He vowed this would not happen at Sago and ordered updates on the rescue progress every two hours. 

An unfortunate miscommunication incorrectly led everyone to believe that all 14 miners survived. In fact, only one, Randal McCloy, left the mine alive. The remaining 13 died. 

“That was communication gone wrong,” he said. “Human error of the worst proportion. We had people sacrificing to save lives. Everybody did everything. You cannot blame anybody. 

“In times like this, the best and worst, the faith-based community is as solid as a rock. 

“The demands, needs and responsibilities to your fellow human beings … you cannot do these without a faith based in God. 

“I was raised with an awful lot of faith in God.” 

But denomination or religion is not important, he added. 

“What matters is sacrificing for your neighbor. The wealthy sometimes have a hard time giving. My father would sometimes borrow money from the bank to give it away. 

“I watched this first hand. I was a privileged child to see all this. Unconditional love.” 

Faith-based organizations bring this same kind of unconditional love to their communities. “You are unsung heroes,” he said. “You put the fabric of faith.” 

After the presentation, he discussed the influence of faith on his life. 

“From going to church in Farmington, a certain amount of structure was there. That’s how all of us were raised, with unconditional love. 

“That did as much, if not more, to shape me and the belief I have in God and ultimately people, that good can come. Church has structure and discipline. 

“But it’s outside the church where real faith is practiced. I saw that with my aunts and uncles, grandparents, my parents, my cousins. We lived it every day. We had examples of our elders, our community, our neighbors and friends, who kept giving of themselves. They reached out. They wanted us to do better. They expected us to do better.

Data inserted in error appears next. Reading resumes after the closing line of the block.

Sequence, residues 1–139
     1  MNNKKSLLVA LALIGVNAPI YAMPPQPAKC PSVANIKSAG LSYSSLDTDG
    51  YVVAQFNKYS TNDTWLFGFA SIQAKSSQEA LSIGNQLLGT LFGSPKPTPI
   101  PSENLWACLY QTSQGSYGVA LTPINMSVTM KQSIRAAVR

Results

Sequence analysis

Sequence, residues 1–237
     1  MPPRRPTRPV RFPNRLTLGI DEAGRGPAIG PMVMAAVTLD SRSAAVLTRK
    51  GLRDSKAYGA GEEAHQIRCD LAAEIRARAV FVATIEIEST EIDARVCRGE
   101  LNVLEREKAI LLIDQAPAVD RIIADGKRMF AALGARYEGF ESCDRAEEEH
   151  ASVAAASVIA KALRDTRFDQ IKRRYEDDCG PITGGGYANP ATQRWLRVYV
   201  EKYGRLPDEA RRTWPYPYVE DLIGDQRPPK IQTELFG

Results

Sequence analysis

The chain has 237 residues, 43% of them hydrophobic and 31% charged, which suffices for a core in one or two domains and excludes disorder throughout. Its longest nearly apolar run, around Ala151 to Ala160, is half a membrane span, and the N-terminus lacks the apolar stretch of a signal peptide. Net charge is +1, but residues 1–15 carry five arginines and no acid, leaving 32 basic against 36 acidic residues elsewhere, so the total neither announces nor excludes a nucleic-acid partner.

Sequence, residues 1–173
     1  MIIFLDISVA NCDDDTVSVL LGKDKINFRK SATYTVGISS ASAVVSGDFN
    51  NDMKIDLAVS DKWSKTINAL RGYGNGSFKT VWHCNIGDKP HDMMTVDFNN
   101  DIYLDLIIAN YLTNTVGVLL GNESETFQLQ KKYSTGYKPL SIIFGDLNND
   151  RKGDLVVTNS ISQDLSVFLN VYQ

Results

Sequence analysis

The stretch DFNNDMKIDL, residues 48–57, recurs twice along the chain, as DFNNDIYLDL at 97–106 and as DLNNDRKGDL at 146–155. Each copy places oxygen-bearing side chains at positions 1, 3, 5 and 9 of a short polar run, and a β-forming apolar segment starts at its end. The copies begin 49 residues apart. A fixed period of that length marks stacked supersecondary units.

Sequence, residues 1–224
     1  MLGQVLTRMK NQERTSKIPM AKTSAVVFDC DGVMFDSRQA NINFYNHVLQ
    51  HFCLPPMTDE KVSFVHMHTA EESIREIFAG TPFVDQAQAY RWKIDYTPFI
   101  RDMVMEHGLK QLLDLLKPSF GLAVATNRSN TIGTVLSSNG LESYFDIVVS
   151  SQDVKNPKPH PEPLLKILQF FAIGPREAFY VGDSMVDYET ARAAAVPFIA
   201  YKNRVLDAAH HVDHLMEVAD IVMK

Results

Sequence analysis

“They also guided us in their actions. It’s easy for me to tell you, but it makes much more of a lasting impression if I show you. If I can live my life better, with compassion and giving and caring, if I’m strong enough to make sure my faith is strong enough, then I’m not worried about whether it would hurt or help, or how it looks in society. 

“If it makes a difference in somebody else’s life, that’s really what we’re here for. I was fortunate as a privileged child to see that. There were no fancy homes. I lived in the beautiful town of Farmington, where everybody was basically the same. 

“I reach back to that every day. I make decisions not based on thinking somebody can do something for me. 

“When you see a strong community, you see a faith-based society. They will partner up and fill in the gaps. Government can’t start up and run all the social programs that are needed. Faith-based communities can still reach them. 

“Without that faith in God, without that belief that you as a human being can do better and give something back, if you haven’t had that structure in your life, the faith-based community will share it with you and you hopefully share it with others. 

“This is so, so important for us, to deliver the services we need and give people the faith they need. Faith-based communities not only tell you what to do; they show you how to do it.”

By:  Debraminor Wilson